Tutor News

Writing for Children tutor Bryony Pearce has her debut Middle Grade novel, Hannah Messenger and the Gods of Hockwold, coming out in June 6, and she has sold a new YA fiction, Aphrodite (an Aphrodite retelling), which is due out in 2025. 

 

One-day Courses

There are plenty of options for anyone keen on one-day writing courses: our ever-popular Introduction to Copywriting with Maggie Richards is available monthly; while our Writing the Memoir course is now taught by the brilliant Anna Wilson. Our Writing for the Web and Digital Media continues to be run by the expert broadcast journalist Holly Powell-Jones; and the dynamic duo of Anna Tsekouras and Pete Austin, aka Anon Agency, run our Intro to Branding course.

Opportunities

Our year-long Novel Studio course for aspiring novelists is now open for applications for 2024/25 intake, with a deadline of 30th June 2024. All successful applicants are automatically entered into the Novel Studio literary agent competition, with the top three applications sent to Lucy Luck, literary agent at C&W Agency with a view to representation.

There is also a fully funded scholarship for the course, The Captain Tasos Politis Scholarship, available to a talented applicant from a low-income household.

Our Writing for Social Impact course continues to offer a scholarship for one young student (18-25) from an underrepresented background and/or facing financial difficulty. Please contact the tutor, Ciaran Thapar, for more information on this opportunity.

All current students of Introduction to CopywritingWriting for Business and Narrative Non-Fiction courses are eligible to submit an idea for a blog post for short courses. If the idea is accepted, and the written piece meets our standards, it will be professionally edited and published on our blog.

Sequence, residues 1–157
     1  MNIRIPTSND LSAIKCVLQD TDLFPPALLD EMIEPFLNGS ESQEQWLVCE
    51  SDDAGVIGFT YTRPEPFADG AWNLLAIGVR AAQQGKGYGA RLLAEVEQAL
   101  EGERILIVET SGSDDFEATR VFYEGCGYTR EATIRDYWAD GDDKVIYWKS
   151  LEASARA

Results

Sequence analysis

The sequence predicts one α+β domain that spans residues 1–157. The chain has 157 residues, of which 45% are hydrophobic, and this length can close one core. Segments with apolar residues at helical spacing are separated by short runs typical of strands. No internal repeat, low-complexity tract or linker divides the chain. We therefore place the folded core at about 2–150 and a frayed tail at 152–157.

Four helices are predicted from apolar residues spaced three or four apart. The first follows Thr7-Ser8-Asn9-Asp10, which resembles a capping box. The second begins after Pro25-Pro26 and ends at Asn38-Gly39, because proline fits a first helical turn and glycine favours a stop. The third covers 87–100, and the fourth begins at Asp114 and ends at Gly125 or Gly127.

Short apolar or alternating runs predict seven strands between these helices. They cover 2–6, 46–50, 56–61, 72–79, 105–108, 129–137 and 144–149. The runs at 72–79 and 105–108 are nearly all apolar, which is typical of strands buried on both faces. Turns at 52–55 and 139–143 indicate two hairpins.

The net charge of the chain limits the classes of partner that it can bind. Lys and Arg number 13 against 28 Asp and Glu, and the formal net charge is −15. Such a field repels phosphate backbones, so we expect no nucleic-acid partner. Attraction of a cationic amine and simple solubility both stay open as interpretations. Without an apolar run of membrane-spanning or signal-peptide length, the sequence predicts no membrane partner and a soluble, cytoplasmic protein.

City Writes

This spring sees the return of City Writes, our termly showcase for all the great writing talent coming out of the creative writing short courses at City. This term our guest authors will be Laurence Kershook and Katharine Light (see above) both alumni of the Novel Studio.

To join us at the event on March 27th at 7pm on Zoom, please register for free HERE.

And if you would like to enter the competition to win the chance to share the stage with Laurence and Katharine, please visit here for all the submission details. Deadline for entries is this Friday 1st March! That’s tomorrow!!

Writing Retreat

This May the Ruppin Agency Writers’ Studio is returning to Paris for another edition of our spring writing retreat. A literary agent and a published author and university lecturer are teaming up to guide writers through five days of focussed writing, offering individual feedback, advice and group exercises. They’re offering £200 off the full price to anyone who quotes PARIS2024 (or mentions where they heard about this).

Open Evening

And finally, we are running an open evening with taster sessions on March 26th at 6pm. There’ll also be a dedicated Novel Studio enquiry desk manned by tutor Rebekah Lattin-Rawstrone for anyone who wants to find out more about our flagship year-long course. Register HERE.

That’s all for now. Keep on writing and keep your stories coming into us. And huge congratulations to all our alumni and tutors.